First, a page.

Motivation and emotional processing are compromised in numerous disorders (e.g., Alzheimer's disease, schizophrenia and depression) and thus are frequently assessed in rodent disease models. However, most current tests fall into the moderate severity band as they are highly aversive and involve restraint, inescapable electric shock or forced swimming. The rodent touchscreen testing system is well-established as a versatile cognitive assessment tool that avoids aversive conditions, instead using rewards such as milkshake.
We propose to develop a suite of rodent touchscreen-based assays for motivation and emotion and show that they can replace higher-severity assays (refinement) by validating their efficacy with a series of experiments focused on three manipulations known to affect different aspects of these constructs: (I) a standardised panel of drugs; (II) chronic exposure to the stress hormone corticosterone; and (III) ethologically-valid environmental manipulations. This will also demonstrate the utility of these tasks for assessing new drugs for benefits on emotional state, for measuring rodent stress and monitoring welfare, and for standardised assessment of new welfare manipulations such as environmental enrichment or changes in husbandry practises.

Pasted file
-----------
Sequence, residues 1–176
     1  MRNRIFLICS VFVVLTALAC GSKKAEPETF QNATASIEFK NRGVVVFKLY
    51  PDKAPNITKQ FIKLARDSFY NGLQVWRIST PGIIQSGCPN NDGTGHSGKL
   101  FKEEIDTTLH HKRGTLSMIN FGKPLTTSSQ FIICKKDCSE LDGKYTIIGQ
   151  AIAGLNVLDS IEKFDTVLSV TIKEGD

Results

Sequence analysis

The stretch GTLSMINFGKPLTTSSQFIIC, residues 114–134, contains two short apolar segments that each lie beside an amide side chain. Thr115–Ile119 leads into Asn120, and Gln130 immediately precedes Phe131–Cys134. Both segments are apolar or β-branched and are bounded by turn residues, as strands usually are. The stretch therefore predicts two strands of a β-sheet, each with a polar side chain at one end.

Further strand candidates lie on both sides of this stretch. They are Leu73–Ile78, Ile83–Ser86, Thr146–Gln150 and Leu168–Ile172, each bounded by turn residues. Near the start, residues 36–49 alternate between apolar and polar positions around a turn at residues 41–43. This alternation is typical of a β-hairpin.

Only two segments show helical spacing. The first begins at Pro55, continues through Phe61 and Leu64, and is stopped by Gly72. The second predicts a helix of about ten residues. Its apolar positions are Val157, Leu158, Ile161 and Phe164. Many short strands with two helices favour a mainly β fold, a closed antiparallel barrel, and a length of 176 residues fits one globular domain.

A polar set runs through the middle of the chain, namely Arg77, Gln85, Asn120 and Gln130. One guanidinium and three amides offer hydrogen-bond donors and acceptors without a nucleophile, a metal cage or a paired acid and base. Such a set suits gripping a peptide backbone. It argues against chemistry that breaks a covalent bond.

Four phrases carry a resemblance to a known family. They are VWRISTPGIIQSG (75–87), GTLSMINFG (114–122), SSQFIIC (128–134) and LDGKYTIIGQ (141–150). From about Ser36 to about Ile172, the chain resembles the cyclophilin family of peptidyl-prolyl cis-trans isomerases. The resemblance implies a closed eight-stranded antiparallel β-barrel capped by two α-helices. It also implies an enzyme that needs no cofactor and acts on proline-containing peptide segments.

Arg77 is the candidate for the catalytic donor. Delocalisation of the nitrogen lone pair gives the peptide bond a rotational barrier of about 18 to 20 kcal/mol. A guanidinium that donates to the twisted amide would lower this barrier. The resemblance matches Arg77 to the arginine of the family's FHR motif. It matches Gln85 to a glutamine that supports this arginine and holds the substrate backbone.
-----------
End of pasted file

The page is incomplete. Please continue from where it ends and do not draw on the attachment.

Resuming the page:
Aversive tasks to measure emotion and motivation are used extensively. Widespread adoption of touchscreen-based assays to assess emotion and motivation could decrease the severity of testing for at least 30,000 rodents annually. Touchscreen-based rodent tests are very similar to those used in humans, which greatly increases the probability of successful translation of treatments from the lab to the clinic, potentially reducing the number of animal experiments required. Additional advantages are increased precision of data through automation and computerisation and the possibility of conducting multiple tests in the same apparatus, both of which contribute to reduction.
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